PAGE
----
Good insulation is often cited as the single most important factor in residential energy conservation but there are concerns about the health effects of the most common form of insulation, fiberglass batts.
Luckily there are plenty of eco friendly alternatives to fiberglass insulation. Here we list our top 7 insulation options for a healthy eco home.
1. Spray foam
Spray foam insulation products such has Icynene have supurb insulation ratings. In fact they can seal a house so tightly that it may be necessary to install a ventilation system in order to retain natural air quality!
Spray foam insulation works by spraying a special chemical onto surfaces, which then reacts with air to expand into a blanket of insulation foam that seals air leaks and also muffles noise.
The excellent insulation properties of spray foam don't come cheaply however; You can expect to pay more for this form of insulation, but you can also expect to have a quiet, healthy, well insulated home.
2. Rigid Polystyrene
Although polystyrene doesn't sound like an environmentally friendly product, it has excellent insulation properties by means of allowing very little air to pass through surfaces. When placed between sheets of strand board polystyrene forms a super insulating structure.
Polystyrene is moderately priced compared with some other eco insulation products.
Aerogels are a class of space-age insualtors that are produced by removing the liquid from silica or certain other materials under high pressure, resulting in an extremely light material that is strong and highly insulating. The R-value of most aerogels is higher than any other type of insulation that is available for residential property.
An exciting application of aerogels is their use in windows. Since most aerogels are translucent it is possible to fill them in between two layers of glass, thus making windows that are stronger and much better insulated than classic windows, while still being transparent.
Really the only drawback to aerogels is their relatively high price, though with their increased popularity of late the price of aerogels is becoming a little more affordable.
What could be more eco-friendly than the idea of recycling unused scraps of denim jeans into natural warm insulating batts for use in walls and ceilings?
Cotton is natural, renewable, and causes very few (if any) respiratory problems compared to other insulation products. Cotton batts have to be treated with fire retardant before being installed in houses but are still much more natural than fibreglass batts and they're also good at absorbing moisture.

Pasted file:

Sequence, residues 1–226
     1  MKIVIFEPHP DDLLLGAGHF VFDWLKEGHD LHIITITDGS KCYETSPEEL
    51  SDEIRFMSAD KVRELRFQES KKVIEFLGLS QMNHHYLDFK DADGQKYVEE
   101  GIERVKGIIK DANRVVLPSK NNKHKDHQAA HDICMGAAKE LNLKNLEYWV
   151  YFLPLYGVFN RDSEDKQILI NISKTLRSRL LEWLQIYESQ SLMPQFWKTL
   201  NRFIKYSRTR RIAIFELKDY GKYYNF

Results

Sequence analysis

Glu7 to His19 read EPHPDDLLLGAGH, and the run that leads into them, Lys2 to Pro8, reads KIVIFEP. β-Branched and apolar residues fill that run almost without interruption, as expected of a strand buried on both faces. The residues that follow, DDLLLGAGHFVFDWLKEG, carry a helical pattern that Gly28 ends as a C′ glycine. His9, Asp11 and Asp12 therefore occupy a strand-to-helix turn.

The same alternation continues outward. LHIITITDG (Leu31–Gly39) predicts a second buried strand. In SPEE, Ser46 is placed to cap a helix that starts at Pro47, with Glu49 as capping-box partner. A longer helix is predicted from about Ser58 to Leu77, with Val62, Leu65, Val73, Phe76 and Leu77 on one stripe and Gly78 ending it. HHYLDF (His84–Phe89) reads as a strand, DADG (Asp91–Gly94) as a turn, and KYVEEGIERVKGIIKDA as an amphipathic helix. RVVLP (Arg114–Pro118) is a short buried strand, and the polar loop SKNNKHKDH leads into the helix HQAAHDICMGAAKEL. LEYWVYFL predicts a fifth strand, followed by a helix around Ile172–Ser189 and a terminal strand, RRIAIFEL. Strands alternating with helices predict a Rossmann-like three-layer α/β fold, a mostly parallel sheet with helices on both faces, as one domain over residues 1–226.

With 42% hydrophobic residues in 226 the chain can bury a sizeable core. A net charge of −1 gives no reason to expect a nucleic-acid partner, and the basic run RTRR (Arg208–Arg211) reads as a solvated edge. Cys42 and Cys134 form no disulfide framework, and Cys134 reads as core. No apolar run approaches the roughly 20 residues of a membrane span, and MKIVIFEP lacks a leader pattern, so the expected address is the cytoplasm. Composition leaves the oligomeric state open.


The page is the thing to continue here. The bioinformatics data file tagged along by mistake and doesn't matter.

The downside? There are generally a lot of pesticides used in the production of cotton so although it's a natural product it is not without an environmental footprint.
Like cotton, wool is natural and renewable. It is also biodegradable. Wool can be used to insulate homes without putting anyone's health at risk.
Sheep wool is naturally flame resistent so doesn't need to be treated with fire retardents, however it is often treated with boron to make it less volneratble to insect damage.
In New Zealand, wool insulation is often produced from waste wool left over from the production of carpets and textiles.
A special feature of wool insulation is that it reduces the need to adjust heating and cooling of the insulated room.
6. Cellulose insulation
Very popular due to its high use of recycled materials, cellulose insulation offers an affordable eco friendly way to insulate homes.
Cellulose insulation is made of plant fibre - often recycled newspaper, cardboard or sawdust - mixed with fire-retardent, and held together with chemicals that do not use formaldehyde. Cellulose makes very high use of recycled material (often 80%+) yet it provides very good thermal insulation. In addition, cellulose insulation uses borates that help to protect against mold.
7. Rammed earth
Based on an ancient building method, rammed-earth walls are natural and sustainable, noncumbustible, and offer good insulation. Rammed earth insulation is built using natural raw materials - earth, gravel, clay, chalk and lime.
Although they can be fairly labour intensive to construct without the use of specialist machinery, rammed earth walls are incredibly popular in some parts of the world, mostly due to their raw materials being economical and readily available.
Another advantage of rammed earth is that it reduces the need for air conditioning due to its property of absorbing heat during the day and releasing it during the night.